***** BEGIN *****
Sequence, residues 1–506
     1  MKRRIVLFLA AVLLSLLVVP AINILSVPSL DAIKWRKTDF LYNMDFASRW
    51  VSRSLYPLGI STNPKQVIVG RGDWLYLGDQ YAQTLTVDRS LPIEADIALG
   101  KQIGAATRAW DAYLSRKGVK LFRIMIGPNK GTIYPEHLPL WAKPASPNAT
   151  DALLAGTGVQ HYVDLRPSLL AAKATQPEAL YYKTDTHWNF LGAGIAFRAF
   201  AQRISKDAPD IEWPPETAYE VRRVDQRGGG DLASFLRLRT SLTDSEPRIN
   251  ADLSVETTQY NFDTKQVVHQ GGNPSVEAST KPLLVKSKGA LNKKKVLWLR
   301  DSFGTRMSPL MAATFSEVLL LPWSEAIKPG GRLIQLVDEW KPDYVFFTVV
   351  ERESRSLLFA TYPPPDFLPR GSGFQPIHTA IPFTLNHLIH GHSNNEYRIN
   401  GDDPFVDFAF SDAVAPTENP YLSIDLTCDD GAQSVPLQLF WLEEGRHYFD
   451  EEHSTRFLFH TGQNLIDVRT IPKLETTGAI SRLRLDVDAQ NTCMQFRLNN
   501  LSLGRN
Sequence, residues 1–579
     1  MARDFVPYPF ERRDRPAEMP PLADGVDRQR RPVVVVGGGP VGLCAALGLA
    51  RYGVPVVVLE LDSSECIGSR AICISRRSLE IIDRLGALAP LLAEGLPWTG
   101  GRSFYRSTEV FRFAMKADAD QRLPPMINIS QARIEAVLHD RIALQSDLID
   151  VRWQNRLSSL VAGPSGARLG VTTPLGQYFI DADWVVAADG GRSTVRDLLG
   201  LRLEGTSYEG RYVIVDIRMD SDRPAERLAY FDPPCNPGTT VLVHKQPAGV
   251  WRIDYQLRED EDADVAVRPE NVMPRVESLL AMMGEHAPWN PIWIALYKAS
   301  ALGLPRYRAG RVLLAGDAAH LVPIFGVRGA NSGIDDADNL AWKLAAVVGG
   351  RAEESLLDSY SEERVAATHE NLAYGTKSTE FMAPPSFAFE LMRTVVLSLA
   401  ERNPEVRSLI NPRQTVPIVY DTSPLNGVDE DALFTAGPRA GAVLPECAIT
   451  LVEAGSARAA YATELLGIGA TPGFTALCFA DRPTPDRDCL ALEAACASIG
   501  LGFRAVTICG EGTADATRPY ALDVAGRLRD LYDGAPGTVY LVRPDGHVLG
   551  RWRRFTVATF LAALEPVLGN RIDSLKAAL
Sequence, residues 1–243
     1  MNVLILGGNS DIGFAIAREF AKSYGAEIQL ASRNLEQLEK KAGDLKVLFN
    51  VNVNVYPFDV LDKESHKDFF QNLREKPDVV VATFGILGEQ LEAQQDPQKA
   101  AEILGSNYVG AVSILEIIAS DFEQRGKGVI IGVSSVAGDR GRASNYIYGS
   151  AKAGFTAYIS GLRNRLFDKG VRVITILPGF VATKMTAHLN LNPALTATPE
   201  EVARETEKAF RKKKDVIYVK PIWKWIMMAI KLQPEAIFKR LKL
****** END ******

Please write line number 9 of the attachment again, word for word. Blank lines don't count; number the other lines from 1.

   351  ERESRSLLFA TYPPPDFLPR GSGFQPIHTA IPFTLNHLIH GHSNNEYRIN